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The U.S. Supreme Court building in Washington, D.C. as seen in July 2021.

The U.S. Supreme Court building in Washington, D.C. as seen in July 2021. (Daniel Slim, AFP, Getty Images/TNS)

WASHINGTON — House lawmakers urged Defense Secretary Lloyd Austin on Friday to expand abortion access for service members and their families as the Supreme Court looks to overturn a landmark law preventing states from outlawing the procedure.

Reps. Jackie Speier, D-Calif., and Jason Crow, D-Colo., asked Austin and Department of Homeland Security Secretary Alejandro Mayorkas to extend Army and Air Force leave policies accommodating abortion care across all the service branches, strengthen privacy protections and provide financial support for service members who need to travel to obtain access to an abortion.

“We are gravely concerned about service members’ reproductive privacy and health care rights, especially given the unique challenges that service members face, including for those who are stationed in states that are poised to ban or restrict abortion and potentially other reproductive care if the [Supreme Court] dismantles Roe v. Wade,” the lawmakers wrote in a letter signed by 79 other House members.

Twenty-six states are likely to move quickly to ban abortion if Roe v. Wade is allowed to fall, 13 of them — Arkansas, Idaho, Kentucky, Louisiana, Mississippi, Missouri, North Dakota, Oklahoma, South Dakota, Tennessee, Texas, Utah, and Wyoming — have “trigger” laws in place that would immediately end abortion upon a Supreme Court ruling, according to the Guttmacher Institute, a pro-choice research organization that was once a part of Planned Parenthood.

Each of these states is home to military installations, with the largest concentration in Texas.

Lawmakers said service members are particularly vulnerable to restrictions on abortion rights because they already face hurdles when seeking out the procedure. Challenges include needing to request approval from their commander to take leave, traveling long distances when they are stationed in places where abortion is unavailable and lacking the funds to travel off base for care, they said.

Service members who have an abortion can also face retaliation from their commander or other troops if others find out they have had the procedure, lawmakers wrote. TRICARE, the military’s health insurance, only covers abortion when the mother's life is in danger or if pregnancy is the result of rape or incest.

“In a post-Roe world, service members stationed in states where abortion is banned or severely restricted will need additional leave, resources and financial support to facilitate travel to states where abortion is accessible,” lawmakers wrote. “The consequence of delays and challenges in accessing care across multiple states could mean that the service member is forced to carry a pregnancy against their will.”

Democratic members of the House Appropriations Committee moved this week to codify access to leave for abortion care into law, advancing a 2023 budget bill for the Pentagon that would prohibit the Defense Department from denying service members and civilian employees time off to obtain an abortion. The provision would also allow leave for their spouses or partners.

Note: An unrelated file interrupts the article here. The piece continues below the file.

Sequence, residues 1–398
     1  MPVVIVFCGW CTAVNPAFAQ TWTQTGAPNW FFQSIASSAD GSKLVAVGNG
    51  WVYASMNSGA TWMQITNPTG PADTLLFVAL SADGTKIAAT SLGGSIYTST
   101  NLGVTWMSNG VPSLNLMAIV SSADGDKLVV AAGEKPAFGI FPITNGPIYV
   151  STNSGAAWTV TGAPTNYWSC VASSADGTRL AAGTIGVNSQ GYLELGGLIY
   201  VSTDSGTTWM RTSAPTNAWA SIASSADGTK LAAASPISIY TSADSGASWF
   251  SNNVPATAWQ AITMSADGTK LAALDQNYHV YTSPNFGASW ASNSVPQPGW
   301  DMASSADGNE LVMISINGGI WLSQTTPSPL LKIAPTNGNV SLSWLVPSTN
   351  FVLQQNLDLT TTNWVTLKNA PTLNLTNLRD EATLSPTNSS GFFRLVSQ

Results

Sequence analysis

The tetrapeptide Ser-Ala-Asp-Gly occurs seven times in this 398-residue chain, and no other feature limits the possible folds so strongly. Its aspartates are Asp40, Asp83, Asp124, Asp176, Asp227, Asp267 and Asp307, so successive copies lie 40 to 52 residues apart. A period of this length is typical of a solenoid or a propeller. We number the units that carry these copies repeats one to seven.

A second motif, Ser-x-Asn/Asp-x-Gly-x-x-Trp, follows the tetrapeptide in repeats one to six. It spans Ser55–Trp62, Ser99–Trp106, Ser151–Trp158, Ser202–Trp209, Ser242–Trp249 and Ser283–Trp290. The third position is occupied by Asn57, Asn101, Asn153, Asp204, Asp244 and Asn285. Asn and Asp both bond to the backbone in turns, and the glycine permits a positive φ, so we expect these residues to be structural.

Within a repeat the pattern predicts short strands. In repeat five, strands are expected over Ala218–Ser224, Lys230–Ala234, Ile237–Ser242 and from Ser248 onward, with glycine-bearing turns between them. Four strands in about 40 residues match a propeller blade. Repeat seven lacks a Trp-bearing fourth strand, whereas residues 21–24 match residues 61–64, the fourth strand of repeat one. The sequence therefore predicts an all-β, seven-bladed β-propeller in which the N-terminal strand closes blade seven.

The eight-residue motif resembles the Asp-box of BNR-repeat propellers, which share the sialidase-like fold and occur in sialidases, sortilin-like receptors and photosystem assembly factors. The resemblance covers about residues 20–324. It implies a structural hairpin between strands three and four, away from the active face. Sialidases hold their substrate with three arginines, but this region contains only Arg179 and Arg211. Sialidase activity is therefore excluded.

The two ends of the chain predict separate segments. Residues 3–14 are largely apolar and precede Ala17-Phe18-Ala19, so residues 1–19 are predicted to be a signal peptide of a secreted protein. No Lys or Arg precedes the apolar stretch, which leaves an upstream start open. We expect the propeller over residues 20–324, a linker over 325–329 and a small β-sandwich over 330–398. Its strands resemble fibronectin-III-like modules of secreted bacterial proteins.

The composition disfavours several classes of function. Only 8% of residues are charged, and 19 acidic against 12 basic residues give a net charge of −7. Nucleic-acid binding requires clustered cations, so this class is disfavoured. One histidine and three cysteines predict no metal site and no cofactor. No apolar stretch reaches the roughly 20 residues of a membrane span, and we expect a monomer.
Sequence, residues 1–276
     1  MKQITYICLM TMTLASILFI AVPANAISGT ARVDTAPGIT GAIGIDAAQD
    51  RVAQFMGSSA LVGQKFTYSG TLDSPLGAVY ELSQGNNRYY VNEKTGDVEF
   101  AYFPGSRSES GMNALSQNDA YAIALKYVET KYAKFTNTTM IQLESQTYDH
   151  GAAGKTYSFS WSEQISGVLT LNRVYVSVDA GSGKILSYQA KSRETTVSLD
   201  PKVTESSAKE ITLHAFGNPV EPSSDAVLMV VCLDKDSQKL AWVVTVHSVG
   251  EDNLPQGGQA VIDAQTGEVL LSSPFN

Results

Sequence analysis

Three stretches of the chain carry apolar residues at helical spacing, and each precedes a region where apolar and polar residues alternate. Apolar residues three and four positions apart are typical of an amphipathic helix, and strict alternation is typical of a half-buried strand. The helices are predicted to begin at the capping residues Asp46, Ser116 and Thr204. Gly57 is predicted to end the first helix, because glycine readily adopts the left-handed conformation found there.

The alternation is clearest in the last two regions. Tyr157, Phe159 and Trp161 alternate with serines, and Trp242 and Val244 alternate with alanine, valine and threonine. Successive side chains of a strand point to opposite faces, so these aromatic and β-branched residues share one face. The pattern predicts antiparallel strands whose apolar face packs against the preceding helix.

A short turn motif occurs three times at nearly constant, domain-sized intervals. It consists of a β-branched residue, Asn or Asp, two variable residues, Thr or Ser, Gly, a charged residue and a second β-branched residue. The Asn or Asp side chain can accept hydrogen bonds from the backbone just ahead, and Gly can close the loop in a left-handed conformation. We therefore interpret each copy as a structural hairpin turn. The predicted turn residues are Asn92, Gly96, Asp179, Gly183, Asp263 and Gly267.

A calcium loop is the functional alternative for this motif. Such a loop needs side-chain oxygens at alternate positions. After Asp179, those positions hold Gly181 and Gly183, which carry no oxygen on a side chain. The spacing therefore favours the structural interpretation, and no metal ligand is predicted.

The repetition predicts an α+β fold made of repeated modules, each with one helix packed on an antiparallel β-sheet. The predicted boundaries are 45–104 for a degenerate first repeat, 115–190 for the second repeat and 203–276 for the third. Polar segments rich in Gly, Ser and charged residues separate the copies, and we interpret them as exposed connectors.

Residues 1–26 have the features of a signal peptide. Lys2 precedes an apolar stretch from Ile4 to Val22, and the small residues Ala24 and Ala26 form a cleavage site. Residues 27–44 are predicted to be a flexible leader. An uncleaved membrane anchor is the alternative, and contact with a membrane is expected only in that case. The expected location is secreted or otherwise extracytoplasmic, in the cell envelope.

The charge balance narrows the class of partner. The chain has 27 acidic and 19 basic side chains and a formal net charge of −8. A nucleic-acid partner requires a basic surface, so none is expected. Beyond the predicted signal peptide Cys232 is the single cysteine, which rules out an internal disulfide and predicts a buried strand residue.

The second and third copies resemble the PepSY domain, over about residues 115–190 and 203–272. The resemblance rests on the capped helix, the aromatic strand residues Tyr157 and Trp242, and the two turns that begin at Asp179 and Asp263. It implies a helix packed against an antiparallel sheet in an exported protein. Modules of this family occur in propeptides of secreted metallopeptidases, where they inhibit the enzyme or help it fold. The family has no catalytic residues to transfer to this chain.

House lawmakers have pushed to shore up abortion rights for troops after a draft of the Supreme Court’s impending decision leaked last month. Speier and 81 other Democrats introduced a bill this month that would allow military medical treatment facilities to provide abortion services to service members.

The issue is also at the forefront in the Senate, where Sen. Mazie Hirono, D-Hawaii, made an impassioned plea for safeguarding women’s reproductive rights last week. Hirono co-sponsored legislation that mirrors the House bill.

“Service members have the right to control their own bodies no matter where they are stationed,” Hirono said during a meeting of the Senate Armed Services Committee. “It’s important to protect service members’ bodily autonomy. Who gets to decide what to do with her body, the woman or a bunch of politicians?”

Speier and Crow said the military must standardize leave policies set by the Army and Air Force, which enable service members to request leave for abortion without obtaining pre-approval from their commander or detailing the nature of the health care service that they plan to receive.

The lawmakers also want the Defense Department to offer subsidies and reimbursement for the cost of traveling off base, or to a different state, to obtain an abortion.

“Everyone, including members of our military and their families, should be free to make decisions about their futures and families, including the decision to have an abortion,” they wrote. “Limiting access to these services will negatively impact the morale, retention, overall health of the joint force and deeply harm the overall readiness of the armed forces.”

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Svetlana Shkolnikova covers Congress for Stars and Stripes. She previously worked with the House Foreign Affairs Committee as an American Political Science Association Congressional Fellow and spent four years as a general assignment reporter for The Record newspaper in New Jersey and the USA Today Network. A native of Belarus, she has also reported from Moscow, Russia.
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